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Arizona Public Media
Story by Gisela Telis
October 15, 2013
Psychiatrist Charles Raison says he has it easy.
“One of the fun things about studying depression and happiness and what it means to lead a fulfilling, satisfied human life is that everybody’s interested in it,” he said.
As a University of Arizona researcher, Raison has spent years trying to understand what happiness is, and how we can all enjoy a little more of it.
He and his colleagues are learning that the answers aren’t so simple. Even defining happiness can be tricky, he said.
“It doesn’t appear to be a unitary concept—it’s not just one thing,” Raison said. “It has dimensions.”
One dimension is called “hedonic happiness”—the pleasure that comes from winning a prize or enjoying a meal. But researchers have found there is another dimension or kind of happiness, called “eudaimonic happiness,” that stems from a sense of purpose or meaning in life.
These two types of happiness often go hand in hand, but “they’re not the same thing,” Raison explained.
Researchers like Raison have discovered many factors that contribute to either kind of happiness.
One of them is genetic—some people are predisposed to feel more happiness than others. Your health, environment—even the kind of bacteria living in your gut—all play a role in your individual mental health and well being.
But studies also show that certain things can make everyone happier—such as a sense of community.
“People are happiest when they’re connected in positive ways with other people, when they feel like they’re part of a group,” Raison said.
Being connected is critical, he said. But does the quality of the connection matter?
Raison’s collaborator, UA psychology researcher Matthias Mehl, is working to answer this question—by eavesdropping.
He has developed a device—called the electronically activated recorder, or EAR—to document the kinds of social interactions people have and how much happiness they feel.
“You can see how much time (people) spend talking to other people versus being alone, how much time…they spend talking to their partners, their friends and family or with strangers,” Mehl explained. “So you can get a fine-grained acoustic picture, for lack of a better word, of what participants do on a daily basis.”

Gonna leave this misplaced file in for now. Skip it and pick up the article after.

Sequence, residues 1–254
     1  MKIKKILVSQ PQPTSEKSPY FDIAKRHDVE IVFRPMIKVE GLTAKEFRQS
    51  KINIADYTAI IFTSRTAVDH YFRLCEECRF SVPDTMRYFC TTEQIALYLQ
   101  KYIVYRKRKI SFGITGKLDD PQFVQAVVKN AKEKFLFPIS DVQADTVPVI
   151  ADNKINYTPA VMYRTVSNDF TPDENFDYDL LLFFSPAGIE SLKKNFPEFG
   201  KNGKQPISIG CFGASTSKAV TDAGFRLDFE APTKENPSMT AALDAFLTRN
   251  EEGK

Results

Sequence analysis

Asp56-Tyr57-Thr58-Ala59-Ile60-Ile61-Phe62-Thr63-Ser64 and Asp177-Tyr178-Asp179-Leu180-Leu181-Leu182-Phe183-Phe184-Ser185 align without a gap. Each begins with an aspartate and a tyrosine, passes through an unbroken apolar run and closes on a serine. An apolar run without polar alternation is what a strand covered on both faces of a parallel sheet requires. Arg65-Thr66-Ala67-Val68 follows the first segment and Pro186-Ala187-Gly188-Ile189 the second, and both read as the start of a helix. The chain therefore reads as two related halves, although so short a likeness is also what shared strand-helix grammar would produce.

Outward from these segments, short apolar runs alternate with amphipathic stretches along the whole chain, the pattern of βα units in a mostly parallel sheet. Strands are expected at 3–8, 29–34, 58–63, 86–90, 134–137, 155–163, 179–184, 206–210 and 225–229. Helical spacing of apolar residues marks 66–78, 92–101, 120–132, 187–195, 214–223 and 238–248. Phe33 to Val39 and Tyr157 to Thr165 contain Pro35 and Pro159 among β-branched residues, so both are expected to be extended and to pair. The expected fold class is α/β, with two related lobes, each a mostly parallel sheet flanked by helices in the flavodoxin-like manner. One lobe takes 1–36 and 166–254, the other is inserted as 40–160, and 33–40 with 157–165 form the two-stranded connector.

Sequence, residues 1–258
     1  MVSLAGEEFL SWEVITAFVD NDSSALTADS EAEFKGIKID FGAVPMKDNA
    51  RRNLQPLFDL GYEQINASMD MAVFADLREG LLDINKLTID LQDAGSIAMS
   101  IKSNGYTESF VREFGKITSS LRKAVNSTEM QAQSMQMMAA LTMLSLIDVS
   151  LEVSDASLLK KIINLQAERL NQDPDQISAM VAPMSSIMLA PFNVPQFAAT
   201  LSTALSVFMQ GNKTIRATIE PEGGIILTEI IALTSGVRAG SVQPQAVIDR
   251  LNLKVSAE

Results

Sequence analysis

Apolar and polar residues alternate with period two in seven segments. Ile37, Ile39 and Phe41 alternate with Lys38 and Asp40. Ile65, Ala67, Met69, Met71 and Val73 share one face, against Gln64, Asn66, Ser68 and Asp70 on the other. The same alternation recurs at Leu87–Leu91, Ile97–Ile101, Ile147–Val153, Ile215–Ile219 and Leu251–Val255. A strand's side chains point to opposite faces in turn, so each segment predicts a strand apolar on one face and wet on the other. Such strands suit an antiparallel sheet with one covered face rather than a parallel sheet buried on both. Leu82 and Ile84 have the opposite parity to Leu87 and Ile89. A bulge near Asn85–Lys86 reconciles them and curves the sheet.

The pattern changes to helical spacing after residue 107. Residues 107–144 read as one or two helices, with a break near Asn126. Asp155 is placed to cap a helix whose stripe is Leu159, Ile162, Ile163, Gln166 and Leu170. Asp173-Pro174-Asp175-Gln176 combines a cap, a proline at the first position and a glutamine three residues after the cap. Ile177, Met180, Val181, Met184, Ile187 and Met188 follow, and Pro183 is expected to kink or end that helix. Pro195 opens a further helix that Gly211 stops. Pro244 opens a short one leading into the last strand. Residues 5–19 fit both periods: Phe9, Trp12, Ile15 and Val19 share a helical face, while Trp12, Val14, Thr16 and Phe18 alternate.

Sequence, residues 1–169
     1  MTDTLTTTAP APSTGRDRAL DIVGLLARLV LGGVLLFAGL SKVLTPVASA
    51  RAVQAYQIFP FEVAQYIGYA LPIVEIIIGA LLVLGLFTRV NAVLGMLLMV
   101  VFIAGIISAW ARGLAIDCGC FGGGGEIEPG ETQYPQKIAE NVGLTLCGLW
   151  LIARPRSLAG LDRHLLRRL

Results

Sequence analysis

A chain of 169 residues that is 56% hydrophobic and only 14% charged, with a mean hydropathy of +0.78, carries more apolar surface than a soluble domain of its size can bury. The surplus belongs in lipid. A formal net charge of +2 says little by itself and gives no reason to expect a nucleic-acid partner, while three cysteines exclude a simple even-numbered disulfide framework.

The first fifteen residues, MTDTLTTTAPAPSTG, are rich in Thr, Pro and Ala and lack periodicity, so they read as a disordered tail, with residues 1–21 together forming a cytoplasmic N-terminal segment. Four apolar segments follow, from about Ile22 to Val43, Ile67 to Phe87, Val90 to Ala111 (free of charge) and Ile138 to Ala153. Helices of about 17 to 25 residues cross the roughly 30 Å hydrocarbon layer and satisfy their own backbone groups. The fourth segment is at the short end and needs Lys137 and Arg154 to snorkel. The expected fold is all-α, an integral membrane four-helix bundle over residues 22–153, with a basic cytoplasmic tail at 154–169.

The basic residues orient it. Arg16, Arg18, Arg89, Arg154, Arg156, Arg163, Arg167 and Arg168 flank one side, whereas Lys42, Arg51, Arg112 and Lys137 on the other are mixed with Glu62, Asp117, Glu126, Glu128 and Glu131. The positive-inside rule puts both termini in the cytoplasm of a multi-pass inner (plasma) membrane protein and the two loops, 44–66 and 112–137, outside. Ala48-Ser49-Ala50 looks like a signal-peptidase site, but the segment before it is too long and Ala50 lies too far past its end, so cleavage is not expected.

Mehl and his team have found that it’s not just the quantity of social interactions, but their quality that can help create happiness.
“We found very strong effects that happy people had substantially fewer small talk interactions, and substantially more substantive interactions,” Mehl said. “In fact, the effect was so large that the happiest person in our sample had about twice the amount of substantive conversations compared to the unhappiest participant in the sample.”
Mehl and the rest of Raison’s team are working on interventions for that “unhappiest participant”—interventions that can restore happiness, particularly in patients who suffer from depression.
They’ve found another, rather surprising factor that affects mood: temperature. Raison’s team has recently revealed a powerful connection between the body’s ability to regulate temperature and its ability to regulate mood.
In depression sufferers, thermo-regulation seems to go awry, leaving them with an elevated body temperature.
Raison and his colleagues are now using a hyperthermia chamber—a kind of box that heats the body, which causes internal body temperature to drop—to improve mood in patients struggling with major depression. The hotter the box gets, the lower the patient’s body temperature afterwards—and the greater the antidepressant effect.
“The fact that warmth has these properties may explain why so many indigenous cultures around the world either adopted or developed things like sweat lodges,” Raison said. “In so many cultures, heat is a very key part of spiritual activities, healing activities, and our theory is that it’s because heat activates these pathways and part of what these pathways do is undepress people.”
Some UA researchers are going even further afield to fuel happiness.
Consciousness researcher Stuart Hameroff, an anesthesiologist at the UA Medical Center, thinks good vibrations could do the trick.
A few years ago, Hameroff read a study suggesting ultrasound waves—which are mechanical vibrations used to create images of the body—could affect mood.
After first testing the technique on himself, he and his colleagues tested a cohort of chronic pain patients, who often suffer from depression. They found that applying ultrasound waves to the brain measurably helped the patients feel better.
The interventions that Mehl, Raison, Hameroff and others are pioneering may lead to new treatments for depression, which affects an estimated 350 million people worldwide, according to the World Health Organization.
But Raison said cutting-edge technology isn’t required. Anyone can cultivate happiness.
“The things that make people happy are health, hope and positive relationships,” Raison said. “It’s very, very hard to be unhappy if you really are deeply connected with the welfare of other people, if you really are connected to something that’s going to live beyond your own small existence. That seems to be the great capstone of happiness.”